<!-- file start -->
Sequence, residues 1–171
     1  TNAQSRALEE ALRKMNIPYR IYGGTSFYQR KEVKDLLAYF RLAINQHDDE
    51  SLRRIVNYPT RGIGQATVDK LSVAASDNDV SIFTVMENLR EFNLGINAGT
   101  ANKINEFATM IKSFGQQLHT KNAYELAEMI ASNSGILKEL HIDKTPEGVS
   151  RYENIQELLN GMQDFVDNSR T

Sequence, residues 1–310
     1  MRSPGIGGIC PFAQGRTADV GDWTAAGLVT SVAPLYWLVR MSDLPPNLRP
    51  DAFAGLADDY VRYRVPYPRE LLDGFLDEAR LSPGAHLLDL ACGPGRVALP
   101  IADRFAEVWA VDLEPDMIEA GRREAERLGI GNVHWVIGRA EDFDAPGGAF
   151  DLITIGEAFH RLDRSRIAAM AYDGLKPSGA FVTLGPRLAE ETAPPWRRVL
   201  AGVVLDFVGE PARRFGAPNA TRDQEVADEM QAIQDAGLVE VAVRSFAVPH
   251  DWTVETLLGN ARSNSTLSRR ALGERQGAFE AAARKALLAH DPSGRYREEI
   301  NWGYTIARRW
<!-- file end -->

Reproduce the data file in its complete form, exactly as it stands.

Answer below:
Sequence, residues 1–171
     1  TNAQSRALEE ALRKMNIPYR IYGGTSFYQR KEVKDLLAYF RLAINQHDDE
    51  SLRRIVNYPT RGIGQATVDK LSVAASDNDV SIFTVMENLR EFNLGINAGT
   101  ANKINEFATM IKSFGQQLHT KNAYELAEMI ASNSGILKEL HIDKTPEGVS
   151  RYENIQELLN GMQDFVDNSR T

Sequence, residues 1–310
     1  MRSPGIGGIC PFAQGRTADV GDWTAAGLVT SVAPLYWLVR MSDLPPNLRP
    51  DAFAGLADDY VRYRVPYPRE LLDGFLDEAR LSPGAHLLDL ACGPGRVALP
   101  IADRFAEVWA VDLEPDMIEA GRREAERLGI GNVHWVIGRA EDFDAPGGAF
   151  DLITIGEAFH RLDRSRIAAM AYDGLKPSGA FVTLGPRLAE ETAPPWRRVL
   201  AGVVLDFVGE PARRFGAPNA TRDQEVADEM QAIQDAGLVE VAVRSFAVPH
   251  DWTVETLLGN ARSNSTLSRR ALGERQGAFE AAARKALLAH DPSGRYREEI
   301  NWGYTIARRW